Richard Elphick Answers Five Questions on The Equality of Believers
Richard Elphick, author of The Equality of Believers: Protestant Missionaries and the Racial Politics of South Africa, was interviewed about Christian missionaries and their role in the racial politics of South Africa. The Wesleyan Connection‘s “5 Questions With…” series included a question about the relevance of the book beyond scholars of South African history, to which Elphick responded that he believed there was relevance, as it can show how even decent people who start off “with good intentions, can cause incredible evil”.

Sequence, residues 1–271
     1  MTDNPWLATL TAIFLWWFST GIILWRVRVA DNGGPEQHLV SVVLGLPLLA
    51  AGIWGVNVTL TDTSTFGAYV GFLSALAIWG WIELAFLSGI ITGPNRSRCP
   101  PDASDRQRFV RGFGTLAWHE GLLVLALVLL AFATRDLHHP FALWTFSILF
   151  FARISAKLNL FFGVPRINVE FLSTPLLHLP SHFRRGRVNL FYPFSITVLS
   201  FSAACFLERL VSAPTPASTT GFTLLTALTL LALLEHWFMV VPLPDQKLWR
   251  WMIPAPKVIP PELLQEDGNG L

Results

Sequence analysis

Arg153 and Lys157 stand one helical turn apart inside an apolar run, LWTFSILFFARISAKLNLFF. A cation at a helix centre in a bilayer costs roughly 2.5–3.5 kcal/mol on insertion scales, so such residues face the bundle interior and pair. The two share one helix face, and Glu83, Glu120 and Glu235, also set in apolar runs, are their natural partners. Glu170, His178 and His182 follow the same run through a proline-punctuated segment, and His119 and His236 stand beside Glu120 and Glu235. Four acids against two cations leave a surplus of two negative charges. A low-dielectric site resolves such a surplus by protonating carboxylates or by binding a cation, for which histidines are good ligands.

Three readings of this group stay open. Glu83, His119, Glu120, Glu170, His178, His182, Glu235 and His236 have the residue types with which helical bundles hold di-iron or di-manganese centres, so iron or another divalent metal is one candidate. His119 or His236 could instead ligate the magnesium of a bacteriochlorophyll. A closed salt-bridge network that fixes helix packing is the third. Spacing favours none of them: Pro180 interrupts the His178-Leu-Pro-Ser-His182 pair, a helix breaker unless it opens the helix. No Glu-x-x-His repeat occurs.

Q: What do you think is the main message, or the main achievement, of your new book?
A: For decades, historians of South Africa have struggled to trace how a white minority, starting in the 1650s, established a system of stark inequality among the races in the region. My book attempts to reconfigure the history of South Africa by interweaving the pressures toward inequality, which are now fairly well understood, with an account of the pressures toward racial equality. These pressures, I argue, were rooted chiefly in the proclamation of the equality of all persons before God, a message brought to South Africa by Christian missionaries. My story begins with the first missionary in 1737, and ends in 1960.